The P4C Research Study

Implementation Science Framework

Some of the most important evidence that was collected during this study came from systematically interviewing many stakeholders, at all levels of the health and educational systems, as well as the occupational therapists. Interview questions, both for individual interviews and focus groups, were based upon an Implementation Science Framework developed by the research team. Themes that emerged provide guidance for future implementation and sustainability.

  • An implementation science framework was used for thematic content analysis of the interviews and focus groups.
  • Stakeholders at all levels of the health and education system participated willingly in individual interviews.

Managing Complexity

Organized action system theories and a socio-constructivist approach to change management served as the basis for the implementation science framework developed by members of the research team. The framework was used to highlight the complex interactions between the factors that influence implementation and the sustainability of the model (Camden, Swaine, Tetreault, & Carriere, 2011; Camden, Campbell, Stewart, Dix, McCauley, & Missiuna, 2015).

This framework was used to analyze data from many different sources, including 51 interviews and the OT focus groups. Organized action systems theories suggest that individuals and teams from different systems (e.g. health care, education, social services) interact within organizational structures and environmental contexts to produce services and to achieve goals.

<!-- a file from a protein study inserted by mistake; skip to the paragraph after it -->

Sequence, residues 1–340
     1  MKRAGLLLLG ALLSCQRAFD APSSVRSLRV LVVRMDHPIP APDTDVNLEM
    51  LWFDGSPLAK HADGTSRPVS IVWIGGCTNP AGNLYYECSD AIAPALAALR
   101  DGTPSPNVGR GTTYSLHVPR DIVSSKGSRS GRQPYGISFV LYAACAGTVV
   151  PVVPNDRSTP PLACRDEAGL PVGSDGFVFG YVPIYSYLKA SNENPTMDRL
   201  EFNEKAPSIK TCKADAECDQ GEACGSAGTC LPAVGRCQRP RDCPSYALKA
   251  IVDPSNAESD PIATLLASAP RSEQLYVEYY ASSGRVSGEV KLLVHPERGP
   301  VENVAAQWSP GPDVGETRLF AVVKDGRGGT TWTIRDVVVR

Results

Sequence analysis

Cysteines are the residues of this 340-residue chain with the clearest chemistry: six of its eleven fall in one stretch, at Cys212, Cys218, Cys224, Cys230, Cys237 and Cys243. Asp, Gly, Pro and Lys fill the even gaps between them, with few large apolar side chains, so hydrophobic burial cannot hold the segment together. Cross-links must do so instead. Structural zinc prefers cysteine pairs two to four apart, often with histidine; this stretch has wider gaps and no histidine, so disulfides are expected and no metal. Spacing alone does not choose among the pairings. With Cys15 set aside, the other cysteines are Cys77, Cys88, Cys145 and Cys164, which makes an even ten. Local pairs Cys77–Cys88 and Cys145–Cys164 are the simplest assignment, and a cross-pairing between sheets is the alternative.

Implementation of a new service such as P4C requires management across several systems; knowledge and competencies change along the way at many levels within each system. There is reciprocal influence of the structures that are already in place: of each of the stakeholders and systems, and of the actions that are taken throughout the change process. Studying these interactions allows us to identify specific aspects of implementation of the P4C service and of the elements in each system that might need to change for it to be successful. Themes identified through the content analysis informed Lessons Learned.

A Framework for Studying the Change-Management Process

  1. Intervention
  2. Stakeholder
  3. Organizational Structure
  4. Service Delivery
  5. Impact
  6. Environment
  7. Over Time
  1. P4C Framework
    © 2015, Camden, Campbell and Missiuna.

    P4C Intervention

    The new service that is being studied using this framework is Partnering for Change, as it was originally designed. It encompasses all the principles of the model itself, the recommendations and the evidence sustaining it, as well as the recommended interventions delivered by the OTs.

  2. P4C Framework
    © 2015, Camden, Campbell and Missiuna.

    Stakeholder Actions, Characteristics and Intentions

    This section includes all of the stakeholders involved with P4C (e.g. decision-makers, educators, OTs, principals, client services managers, care coordinators, etc.). The actions of people involved with P4C may be influenced by their organization’s structures, resources and regulations; but people can also influence the organization and the environment. Ultimately, decisions are made around the processes involved in delivering P4C, and the outcomes of the intervention. The characteristics of the stakeholder, as well as their perceptions of the P4C service and of the change required to deliver it, will influence their actions. The intentions of each stakeholder are dynamic and evolve; they include multiple and competing intentions but are focused on the organization’s goals and on providing the best care.